Cambodia will postpone importing salt to supply the domestic market this year, as harvests have netted 70,000-80,000 tonnes thus far, industry insiders said.
Last year, the Kingdom was hit by the severe weather phenomenon El Nino and experienced high rainfall in salt production areas, resulting in a yield of just over 30,000 tonnes for the year.
A study from the Salt Producers Community of Kampot-Kep (SPCKK), the Kingdom’s sole producers of the commodity, found that Cambodia needs between 80,000-100,000 tonnes of salt per year to satisfy its domestic demand.
SPCKK co-president Bun Baraing told The Post on Tuesday that the salt harvested this year will meet local demand as the climate in the region improves. Production and harvesting phases should be longer this year, he said.
“This year’s salt yield means we won’t have to import as much as last year,” he said. “So far, I think the production of salt may be around 80,000 tonnes.”
He added that this year’s wholesale salt price is about the same as last year, with top quality salt selling at around 15,000 riel ($3.64) per 50kg and lesser quality salt selling for 12,000 riel per 50kg.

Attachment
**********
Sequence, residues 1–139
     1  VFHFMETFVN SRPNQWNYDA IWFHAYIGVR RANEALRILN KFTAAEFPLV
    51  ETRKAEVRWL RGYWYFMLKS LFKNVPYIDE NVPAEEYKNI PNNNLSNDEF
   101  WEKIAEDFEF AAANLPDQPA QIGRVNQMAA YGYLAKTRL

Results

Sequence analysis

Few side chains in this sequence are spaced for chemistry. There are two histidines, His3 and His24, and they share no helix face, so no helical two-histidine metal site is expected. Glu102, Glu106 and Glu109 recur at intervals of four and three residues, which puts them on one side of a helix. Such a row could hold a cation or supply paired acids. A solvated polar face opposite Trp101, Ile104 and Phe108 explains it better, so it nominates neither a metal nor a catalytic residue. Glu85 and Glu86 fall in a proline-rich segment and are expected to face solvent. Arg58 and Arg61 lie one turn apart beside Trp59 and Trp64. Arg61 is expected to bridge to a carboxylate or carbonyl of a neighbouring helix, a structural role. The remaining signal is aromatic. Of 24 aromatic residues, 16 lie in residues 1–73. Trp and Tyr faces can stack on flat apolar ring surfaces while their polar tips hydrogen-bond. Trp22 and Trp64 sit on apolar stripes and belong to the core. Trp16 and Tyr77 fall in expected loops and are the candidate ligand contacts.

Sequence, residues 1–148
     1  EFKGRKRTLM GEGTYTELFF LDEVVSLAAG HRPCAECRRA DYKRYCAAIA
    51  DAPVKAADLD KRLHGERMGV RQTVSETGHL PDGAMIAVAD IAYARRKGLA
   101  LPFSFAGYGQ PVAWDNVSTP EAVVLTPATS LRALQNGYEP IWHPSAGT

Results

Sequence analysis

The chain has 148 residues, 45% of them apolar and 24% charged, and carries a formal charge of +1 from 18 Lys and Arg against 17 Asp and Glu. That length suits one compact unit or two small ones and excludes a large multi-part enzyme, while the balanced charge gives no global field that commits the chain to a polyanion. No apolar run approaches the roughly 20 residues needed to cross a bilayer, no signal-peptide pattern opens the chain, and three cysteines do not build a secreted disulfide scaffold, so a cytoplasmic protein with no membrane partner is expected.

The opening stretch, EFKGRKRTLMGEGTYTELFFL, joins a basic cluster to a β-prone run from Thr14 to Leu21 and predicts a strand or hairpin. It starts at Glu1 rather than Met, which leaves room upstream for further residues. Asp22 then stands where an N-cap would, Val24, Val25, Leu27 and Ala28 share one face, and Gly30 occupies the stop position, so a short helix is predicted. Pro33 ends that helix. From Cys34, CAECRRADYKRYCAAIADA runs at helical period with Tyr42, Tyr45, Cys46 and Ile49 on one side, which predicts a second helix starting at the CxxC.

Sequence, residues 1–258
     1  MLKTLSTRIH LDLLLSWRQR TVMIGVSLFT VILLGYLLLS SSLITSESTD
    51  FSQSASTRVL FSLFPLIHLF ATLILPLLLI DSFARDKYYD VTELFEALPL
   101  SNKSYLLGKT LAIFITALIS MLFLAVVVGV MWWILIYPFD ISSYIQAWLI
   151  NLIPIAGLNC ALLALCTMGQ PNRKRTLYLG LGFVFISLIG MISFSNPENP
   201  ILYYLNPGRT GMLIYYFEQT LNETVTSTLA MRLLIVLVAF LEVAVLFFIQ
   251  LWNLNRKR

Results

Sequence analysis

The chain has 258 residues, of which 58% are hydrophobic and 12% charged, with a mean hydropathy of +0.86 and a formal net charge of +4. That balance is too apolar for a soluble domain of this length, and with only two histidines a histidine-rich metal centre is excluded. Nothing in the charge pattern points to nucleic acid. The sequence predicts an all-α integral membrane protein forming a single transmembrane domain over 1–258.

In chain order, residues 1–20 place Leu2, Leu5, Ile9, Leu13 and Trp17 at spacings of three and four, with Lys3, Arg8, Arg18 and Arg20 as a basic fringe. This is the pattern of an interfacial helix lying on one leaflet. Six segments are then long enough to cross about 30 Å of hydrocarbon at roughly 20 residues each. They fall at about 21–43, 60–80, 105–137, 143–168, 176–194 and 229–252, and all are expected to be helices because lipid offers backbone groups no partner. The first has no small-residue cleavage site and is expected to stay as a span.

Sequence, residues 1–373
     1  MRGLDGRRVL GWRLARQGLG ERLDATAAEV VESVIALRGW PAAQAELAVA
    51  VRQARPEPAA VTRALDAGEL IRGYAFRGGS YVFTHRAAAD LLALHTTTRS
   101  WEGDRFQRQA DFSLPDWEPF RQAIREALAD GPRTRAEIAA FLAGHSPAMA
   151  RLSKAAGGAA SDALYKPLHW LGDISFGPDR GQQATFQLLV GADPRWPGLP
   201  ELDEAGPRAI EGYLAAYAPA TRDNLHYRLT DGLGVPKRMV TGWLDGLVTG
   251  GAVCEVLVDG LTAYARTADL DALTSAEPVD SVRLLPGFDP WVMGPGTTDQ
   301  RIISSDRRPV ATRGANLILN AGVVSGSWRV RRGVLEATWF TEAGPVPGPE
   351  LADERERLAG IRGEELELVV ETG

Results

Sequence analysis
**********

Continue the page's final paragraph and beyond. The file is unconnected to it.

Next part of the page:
Bun Narin, a salt producer in Kampot, said that rain has hit the region recently but salt farmers are still harvesting. Yields aren’t as high as they were in March and April, however.
Narin expects this year’s harvest to be considerably higher than last year’s. “I think this year, there won’t be a shortage of natural salt for consumption, but the country may import some industrial salts.”
Industrial salt, he said, is used in ice production and to wash clothes.
He confirmed that, according to data recently collected by officials, more than 70,000 tonnes of salt has been harvested this year.
But the salt sector still faces many problems related to labour shortages, he said.
Previous reports indicated that there is more than 4,500ha of salt-producing land, exclusively in Kampot and Kep. If the weather is favourable, each hectare can annually produce about 20 tonnes of salt from January to May.
Salt production in the provinces soared from 80,000 tonnes in 2013 to 147,000 in 2014 and then to 175,172 in 2015, before slowing down to 143,145 tonnes in 2016.
It then plummeted to a dismal 33,058 in 2017, which Ministry of Industry, Science, Technology and Innovation data shows generated about $22 million.
Production further dipped in 2018, when the Kingdom imported more than 10,000 tonnes of salt from China.
Last year, Cambodia imported over 5,000 tonnes of salt from India, said Baraing.
There is no official salt import data for 2019, but as a reference, in 2009 Cambodia imported 20,000 tonnes of salt from China at a cost of $2.2 million.